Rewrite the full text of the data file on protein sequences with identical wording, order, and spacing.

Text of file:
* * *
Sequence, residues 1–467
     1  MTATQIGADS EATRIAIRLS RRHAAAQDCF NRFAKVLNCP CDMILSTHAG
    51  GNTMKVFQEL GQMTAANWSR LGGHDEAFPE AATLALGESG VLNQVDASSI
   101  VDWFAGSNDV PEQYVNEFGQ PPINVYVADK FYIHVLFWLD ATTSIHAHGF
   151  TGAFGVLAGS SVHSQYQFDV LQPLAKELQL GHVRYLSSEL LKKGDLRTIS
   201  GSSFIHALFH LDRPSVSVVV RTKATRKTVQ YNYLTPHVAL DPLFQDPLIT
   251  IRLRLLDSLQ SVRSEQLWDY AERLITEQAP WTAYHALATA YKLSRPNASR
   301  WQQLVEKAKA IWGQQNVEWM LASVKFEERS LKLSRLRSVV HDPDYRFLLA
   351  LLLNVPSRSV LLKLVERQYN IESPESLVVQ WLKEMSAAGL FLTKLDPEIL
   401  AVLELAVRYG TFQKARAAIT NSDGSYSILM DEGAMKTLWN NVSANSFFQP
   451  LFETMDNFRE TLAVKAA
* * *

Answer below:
Sequence, residues 1–467
     1  MTATQIGADS EATRIAIRLS RRHAAAQDCF NRFAKVLNCP CDMILSTHAG
    51  GNTMKVFQEL GQMTAANWSR LGGHDEAFPE AATLALGESG VLNQVDASSI
   101  VDWFAGSNDV PEQYVNEFGQ PPINVYVADK FYIHVLFWLD ATTSIHAHGF
   151  TGAFGVLAGS SVHSQYQFDV LQPLAKELQL GHVRYLSSEL LKKGDLRTIS
   201  GSSFIHALFH LDRPSVSVVV RTKATRKTVQ YNYLTPHVAL DPLFQDPLIT
   251  IRLRLLDSLQ SVRSEQLWDY AERLITEQAP WTAYHALATA YKLSRPNASR
   301  WQQLVEKAKA IWGQQNVEWM LASVKFEERS LKLSRLRSVV HDPDYRFLLA
   351  LLLNVPSRSV LLKLVERQYN IESPESLVVQ WLKEMSAAGL FLTKLDPEIL
   401  AVLELAVRYG TFQKARAAIT NSDGSYSILM DEGAMKTLWN NVSANSFFQP
   451  LFETMDNFRE TLAVKAA